Eloy's classic 1973 single is given a rough 70's hard rock makeover in this case, with galloping bass and guitar riffs not light years away from the core Hawkwind bass and guitar sound from the early 70's, with calmer, mellow interludes where the keyboards and, unless I'm much mistaken, the violin combines to craft flightier arrangements of a kind and manner that should tickle most classic era progressive rock fans the right way.

The band's take on Manfred Mann's classic is more of a quirky one, with ethereal passages and interludes separating firmer sequences, of which a bass-pumping blues based hard rock section in the opening half and a gritter dark riff based galloping sequence more or less of the same general nature as explored on the Eloy track in the second half of this track are the most prominent. The manner in which guitars, keyboards and violin combine here also gives this song something of a Kansas vibe here and there, and for many I suspect this aspect of Proud Peasant's take on this song is the one that will stick best to memory on initial inspections.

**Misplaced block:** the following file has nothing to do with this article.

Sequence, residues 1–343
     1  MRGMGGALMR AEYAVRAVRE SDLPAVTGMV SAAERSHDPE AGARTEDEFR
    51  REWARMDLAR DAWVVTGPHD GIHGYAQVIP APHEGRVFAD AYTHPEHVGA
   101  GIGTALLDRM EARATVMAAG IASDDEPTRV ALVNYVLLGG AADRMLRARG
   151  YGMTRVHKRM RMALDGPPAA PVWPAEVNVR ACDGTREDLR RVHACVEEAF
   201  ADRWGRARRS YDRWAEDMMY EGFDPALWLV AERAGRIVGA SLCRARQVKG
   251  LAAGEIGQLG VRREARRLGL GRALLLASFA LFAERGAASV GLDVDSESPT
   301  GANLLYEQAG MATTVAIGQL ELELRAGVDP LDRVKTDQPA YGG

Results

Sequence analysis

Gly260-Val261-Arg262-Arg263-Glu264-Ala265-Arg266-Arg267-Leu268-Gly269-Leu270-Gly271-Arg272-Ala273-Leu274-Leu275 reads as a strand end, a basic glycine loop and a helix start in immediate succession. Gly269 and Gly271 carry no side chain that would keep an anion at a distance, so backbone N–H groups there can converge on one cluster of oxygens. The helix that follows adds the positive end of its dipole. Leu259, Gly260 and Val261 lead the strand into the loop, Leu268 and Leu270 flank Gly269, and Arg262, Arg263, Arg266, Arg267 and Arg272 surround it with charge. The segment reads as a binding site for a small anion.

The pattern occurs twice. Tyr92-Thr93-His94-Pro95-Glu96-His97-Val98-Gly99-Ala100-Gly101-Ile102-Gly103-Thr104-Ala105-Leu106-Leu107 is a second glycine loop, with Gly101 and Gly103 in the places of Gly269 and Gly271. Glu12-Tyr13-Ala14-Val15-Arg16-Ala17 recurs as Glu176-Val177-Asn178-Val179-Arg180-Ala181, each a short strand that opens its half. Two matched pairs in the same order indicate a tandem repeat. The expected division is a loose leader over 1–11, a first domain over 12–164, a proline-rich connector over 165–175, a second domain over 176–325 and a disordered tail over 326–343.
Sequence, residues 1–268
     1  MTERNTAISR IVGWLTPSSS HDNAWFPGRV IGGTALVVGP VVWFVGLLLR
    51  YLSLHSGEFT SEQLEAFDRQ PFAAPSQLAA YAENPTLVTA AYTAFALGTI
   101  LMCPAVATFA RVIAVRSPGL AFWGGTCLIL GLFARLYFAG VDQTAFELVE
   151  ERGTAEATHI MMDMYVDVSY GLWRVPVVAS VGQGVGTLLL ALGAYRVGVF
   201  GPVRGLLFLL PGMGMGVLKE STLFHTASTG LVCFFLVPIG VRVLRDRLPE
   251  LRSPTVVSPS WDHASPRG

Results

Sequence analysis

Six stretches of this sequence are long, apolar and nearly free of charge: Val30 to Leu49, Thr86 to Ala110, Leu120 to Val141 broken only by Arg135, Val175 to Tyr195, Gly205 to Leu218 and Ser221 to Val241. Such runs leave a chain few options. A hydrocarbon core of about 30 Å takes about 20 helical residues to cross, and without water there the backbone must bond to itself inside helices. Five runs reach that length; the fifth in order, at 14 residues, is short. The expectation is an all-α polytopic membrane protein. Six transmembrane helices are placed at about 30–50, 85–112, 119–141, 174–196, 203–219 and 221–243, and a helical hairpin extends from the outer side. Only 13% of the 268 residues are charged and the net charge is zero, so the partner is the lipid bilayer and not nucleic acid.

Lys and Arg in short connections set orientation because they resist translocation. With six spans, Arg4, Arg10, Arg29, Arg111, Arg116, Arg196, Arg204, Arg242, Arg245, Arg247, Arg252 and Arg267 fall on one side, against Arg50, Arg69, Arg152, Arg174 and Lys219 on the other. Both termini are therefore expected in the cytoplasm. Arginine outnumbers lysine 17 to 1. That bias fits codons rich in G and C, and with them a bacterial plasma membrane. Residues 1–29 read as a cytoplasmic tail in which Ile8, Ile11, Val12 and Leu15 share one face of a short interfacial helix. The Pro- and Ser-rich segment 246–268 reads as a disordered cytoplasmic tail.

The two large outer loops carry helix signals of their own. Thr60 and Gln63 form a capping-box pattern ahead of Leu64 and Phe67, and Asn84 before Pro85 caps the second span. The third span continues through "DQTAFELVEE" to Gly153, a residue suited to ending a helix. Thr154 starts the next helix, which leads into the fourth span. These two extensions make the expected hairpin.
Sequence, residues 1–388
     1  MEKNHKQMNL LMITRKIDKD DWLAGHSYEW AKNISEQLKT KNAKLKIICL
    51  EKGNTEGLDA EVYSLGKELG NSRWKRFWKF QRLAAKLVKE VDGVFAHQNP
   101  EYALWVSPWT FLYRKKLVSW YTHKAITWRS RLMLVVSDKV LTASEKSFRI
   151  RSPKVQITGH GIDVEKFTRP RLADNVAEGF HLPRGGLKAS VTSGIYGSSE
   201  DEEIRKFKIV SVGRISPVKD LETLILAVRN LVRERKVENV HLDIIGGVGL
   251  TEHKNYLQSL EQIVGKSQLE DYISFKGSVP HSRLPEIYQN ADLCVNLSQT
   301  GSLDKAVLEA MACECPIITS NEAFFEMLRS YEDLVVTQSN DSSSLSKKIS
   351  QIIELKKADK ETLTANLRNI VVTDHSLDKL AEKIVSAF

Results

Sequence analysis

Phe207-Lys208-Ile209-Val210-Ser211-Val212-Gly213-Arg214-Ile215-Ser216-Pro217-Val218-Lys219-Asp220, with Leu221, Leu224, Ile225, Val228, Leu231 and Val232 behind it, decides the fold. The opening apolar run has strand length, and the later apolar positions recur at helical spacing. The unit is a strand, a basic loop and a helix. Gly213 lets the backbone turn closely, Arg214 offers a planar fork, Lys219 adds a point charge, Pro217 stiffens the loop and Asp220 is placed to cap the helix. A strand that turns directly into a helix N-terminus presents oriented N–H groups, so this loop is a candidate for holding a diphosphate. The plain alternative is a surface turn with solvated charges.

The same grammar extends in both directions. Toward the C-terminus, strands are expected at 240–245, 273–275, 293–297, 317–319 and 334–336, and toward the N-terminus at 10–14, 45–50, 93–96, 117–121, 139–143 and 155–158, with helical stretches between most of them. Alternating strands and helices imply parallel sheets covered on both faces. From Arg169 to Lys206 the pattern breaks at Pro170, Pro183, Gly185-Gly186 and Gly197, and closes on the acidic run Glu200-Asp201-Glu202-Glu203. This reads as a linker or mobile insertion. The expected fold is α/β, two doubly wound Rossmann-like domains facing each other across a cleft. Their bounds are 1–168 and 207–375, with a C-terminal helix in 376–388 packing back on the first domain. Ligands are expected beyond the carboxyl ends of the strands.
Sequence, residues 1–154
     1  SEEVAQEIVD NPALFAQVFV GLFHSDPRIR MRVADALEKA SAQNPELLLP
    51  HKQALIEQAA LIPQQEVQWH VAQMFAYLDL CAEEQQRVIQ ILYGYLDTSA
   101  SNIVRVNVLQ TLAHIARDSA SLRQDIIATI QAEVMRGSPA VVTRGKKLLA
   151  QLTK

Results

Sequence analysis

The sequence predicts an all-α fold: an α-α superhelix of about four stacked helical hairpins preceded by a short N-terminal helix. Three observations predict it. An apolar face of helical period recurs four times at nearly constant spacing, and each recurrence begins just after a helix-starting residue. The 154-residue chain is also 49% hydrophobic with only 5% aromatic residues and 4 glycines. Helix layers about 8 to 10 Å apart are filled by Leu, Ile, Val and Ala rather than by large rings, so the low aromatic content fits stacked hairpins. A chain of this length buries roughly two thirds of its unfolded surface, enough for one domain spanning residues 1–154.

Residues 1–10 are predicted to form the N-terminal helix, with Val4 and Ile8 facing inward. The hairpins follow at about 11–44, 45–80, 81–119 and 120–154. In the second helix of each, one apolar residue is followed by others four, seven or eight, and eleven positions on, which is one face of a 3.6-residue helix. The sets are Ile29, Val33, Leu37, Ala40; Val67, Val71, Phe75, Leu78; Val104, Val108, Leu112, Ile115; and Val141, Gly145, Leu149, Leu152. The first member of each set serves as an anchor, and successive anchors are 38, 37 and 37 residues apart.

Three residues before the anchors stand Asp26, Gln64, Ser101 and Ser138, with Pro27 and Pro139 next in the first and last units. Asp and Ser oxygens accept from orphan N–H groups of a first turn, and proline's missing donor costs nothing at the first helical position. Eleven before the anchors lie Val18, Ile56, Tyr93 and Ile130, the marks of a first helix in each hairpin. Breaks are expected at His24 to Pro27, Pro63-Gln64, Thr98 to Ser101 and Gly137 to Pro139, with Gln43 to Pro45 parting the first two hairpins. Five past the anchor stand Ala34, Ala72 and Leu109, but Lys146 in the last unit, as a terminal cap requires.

Proud Peasant deserves credit for taking on this classic pair of progressive rock songs and transforming them into material that sounds cohesive, despite the originals not being all that similar to begin with. The end result is two compelling songs, perhaps with a bit too much of an early 70's hard rock vibe for some, but for me at least this aspect of the material elevated these songs as a total experience, with the vibrant, energetic take on Eloy's Daybreak as the standout track on a high quality single.

 Flight by PROUD PEASANT album cover Studio Album, 2014
4.00 | 32 ratings

Proud Peasant Symphonic Prog

Review by tszirmay
Special Collaborator Honorary Collaborator